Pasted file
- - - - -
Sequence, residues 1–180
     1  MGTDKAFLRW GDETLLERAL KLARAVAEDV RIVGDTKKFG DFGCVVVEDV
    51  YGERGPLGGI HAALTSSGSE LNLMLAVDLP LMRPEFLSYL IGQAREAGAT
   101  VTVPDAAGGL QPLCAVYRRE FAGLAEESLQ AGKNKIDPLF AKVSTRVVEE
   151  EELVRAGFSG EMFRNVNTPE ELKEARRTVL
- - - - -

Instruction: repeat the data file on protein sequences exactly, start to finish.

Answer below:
Sequence, residues 1–180
     1  MGTDKAFLRW GDETLLERAL KLARAVAEDV RIVGDTKKFG DFGCVVVEDV
    51  YGERGPLGGI HAALTSSGSE LNLMLAVDLP LMRPEFLSYL IGQAREAGAT
   101  VTVPDAAGGL QPLCAVYRRE FAGLAEESLQ AGKNKIDPLF AKVSTRVVEE
   151  EELVRAGFSG EMFRNVNTPE ELKEARRTVL